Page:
Global Partnership on Waste Management

Sri Lanka

Submitted by National Cleaner Production Centre

(Note: The National Cleaner Production Centre provided a narrative response)

Summary of information
Highest priority waste streams
Highest priority areas of capacity building
Narrative summary
Sri Lanka (National Cleaner Production Centre)’s responses to the needs assessment survey show that waste management needs to be improved mainly at the local level. Nationally, waste management policies exist, while international cooperation has successfully implemented projects, notably the Pilisaru Programme. In local communities and governments, however, public and political interest for waste management needs to be built, and specific plans should be made. The country should develop a paradigm shift from waste management to resource management to encourage the participation of the private sector; businesses are in a better position to provide technical capacity in this area.

Overview of waste management
The responses suggest that at the national level, Sri Lanka is well equipped for waste management activities. A National Solid Waste Management Policy and a National Solid Waste Management Strategy (among other initiatives) guide waste management in the country. Legislation, such as the ban on plastic film production less than 20 microns thick, targets different stages of the life cycle of products. Different institutional bodies are responsible for different waste streams; the Central Environmental Authority, for example, enforces regulations concerning municipal solid waste (MSW). The country cooperates with various international and foreign organizations, such as the United Nations Environment Programme (UNEP), to strengthen its waste management capacity and implement projects. The Pilisaru Programme, a joint project with the Korean International Cooperation Agency (KOICA) aimed at improving organic waste management in local communities across Sri Lanka, is a notable outcome. The private sector is also involved in waste management, especially in the hazardous, electronic, and plastic waste streams.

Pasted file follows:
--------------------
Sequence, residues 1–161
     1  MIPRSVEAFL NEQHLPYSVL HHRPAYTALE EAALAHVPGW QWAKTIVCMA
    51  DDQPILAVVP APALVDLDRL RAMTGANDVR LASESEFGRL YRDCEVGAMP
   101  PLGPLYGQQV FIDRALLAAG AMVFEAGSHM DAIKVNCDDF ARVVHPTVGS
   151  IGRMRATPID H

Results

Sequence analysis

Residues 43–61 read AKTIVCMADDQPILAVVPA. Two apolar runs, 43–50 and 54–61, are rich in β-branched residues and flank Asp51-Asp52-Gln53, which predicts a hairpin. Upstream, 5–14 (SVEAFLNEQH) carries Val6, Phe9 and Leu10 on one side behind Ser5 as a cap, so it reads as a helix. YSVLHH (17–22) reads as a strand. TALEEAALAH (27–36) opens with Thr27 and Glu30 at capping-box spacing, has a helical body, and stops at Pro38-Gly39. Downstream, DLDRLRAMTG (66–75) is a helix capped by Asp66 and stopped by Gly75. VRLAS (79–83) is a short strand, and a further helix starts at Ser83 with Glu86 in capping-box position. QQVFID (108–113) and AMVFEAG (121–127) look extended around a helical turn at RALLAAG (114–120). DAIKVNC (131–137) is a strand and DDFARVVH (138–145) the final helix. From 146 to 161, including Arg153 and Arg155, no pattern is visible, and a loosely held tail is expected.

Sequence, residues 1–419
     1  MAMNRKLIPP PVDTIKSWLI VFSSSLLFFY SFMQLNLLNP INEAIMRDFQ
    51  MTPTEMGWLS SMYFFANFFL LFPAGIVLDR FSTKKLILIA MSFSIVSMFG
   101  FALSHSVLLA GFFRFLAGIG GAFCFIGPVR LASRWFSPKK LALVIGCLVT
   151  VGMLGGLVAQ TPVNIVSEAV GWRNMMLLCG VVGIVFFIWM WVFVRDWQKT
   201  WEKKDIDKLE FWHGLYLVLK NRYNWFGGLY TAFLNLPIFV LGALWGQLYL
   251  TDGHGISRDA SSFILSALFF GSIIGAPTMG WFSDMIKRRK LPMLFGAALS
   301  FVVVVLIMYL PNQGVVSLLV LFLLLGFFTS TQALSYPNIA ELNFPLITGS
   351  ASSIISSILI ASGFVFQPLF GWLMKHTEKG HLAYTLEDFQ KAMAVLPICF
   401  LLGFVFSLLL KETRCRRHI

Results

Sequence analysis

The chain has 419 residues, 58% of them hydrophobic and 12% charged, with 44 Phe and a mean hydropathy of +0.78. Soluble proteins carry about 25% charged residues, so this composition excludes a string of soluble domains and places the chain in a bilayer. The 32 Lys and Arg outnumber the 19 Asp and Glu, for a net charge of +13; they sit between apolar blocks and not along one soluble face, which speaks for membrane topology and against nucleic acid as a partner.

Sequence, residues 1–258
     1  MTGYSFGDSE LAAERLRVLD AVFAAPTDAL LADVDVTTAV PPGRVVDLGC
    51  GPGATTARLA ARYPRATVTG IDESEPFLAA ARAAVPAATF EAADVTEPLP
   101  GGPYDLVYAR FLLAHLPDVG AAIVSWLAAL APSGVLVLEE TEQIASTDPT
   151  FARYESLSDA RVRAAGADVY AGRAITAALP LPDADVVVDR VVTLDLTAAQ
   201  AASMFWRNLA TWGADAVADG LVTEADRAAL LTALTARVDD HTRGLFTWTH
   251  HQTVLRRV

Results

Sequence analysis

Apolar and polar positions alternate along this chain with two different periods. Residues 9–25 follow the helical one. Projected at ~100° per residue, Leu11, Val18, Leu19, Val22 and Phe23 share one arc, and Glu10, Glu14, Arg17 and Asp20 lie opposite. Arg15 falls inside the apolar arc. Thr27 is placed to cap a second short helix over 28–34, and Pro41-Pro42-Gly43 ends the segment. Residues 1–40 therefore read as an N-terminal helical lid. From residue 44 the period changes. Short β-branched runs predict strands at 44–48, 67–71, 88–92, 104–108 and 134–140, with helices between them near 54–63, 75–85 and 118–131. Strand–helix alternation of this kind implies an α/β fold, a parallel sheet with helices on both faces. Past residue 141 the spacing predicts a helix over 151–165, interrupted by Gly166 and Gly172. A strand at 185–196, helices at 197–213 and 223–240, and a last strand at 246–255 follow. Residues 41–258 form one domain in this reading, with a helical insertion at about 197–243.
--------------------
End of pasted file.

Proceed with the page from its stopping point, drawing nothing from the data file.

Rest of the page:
The implementation of national plans at the local level, however, is identified as a target for improvement. A sizeable amount of MSW collected is bio-degradable and can be treated as organic waste, while waste plastics are also not always segregated. Support from the public as well as the political will of local governments must be strengthened. Separate local-level plans should be developed, and include campaigns to educate communities (especially schoolchildren) on the benefits of waste management. As much as possible, these plans and initiatives should be linked with existing projects, such as Pilisaru, to facilitate institutional coordination.

Sri Lanka’s technical capacity for waste management should also be improved. Currently, facilities for composting, recycling, incineration (of healthcare waste), and landfills exist. However, the country still requires more incinerators, while sanitary landfills do not exist. The increased involvement of the private sector at local level needs to be encouraged, in particular by highlighting the economic and resource potential of waste currently neglected. Businesses with good waste management records should be rewarded and recognized. With greater participation, the private sector would be able to improve the technical capacity of the country for waste management, including procuring equipment and constructing facilities.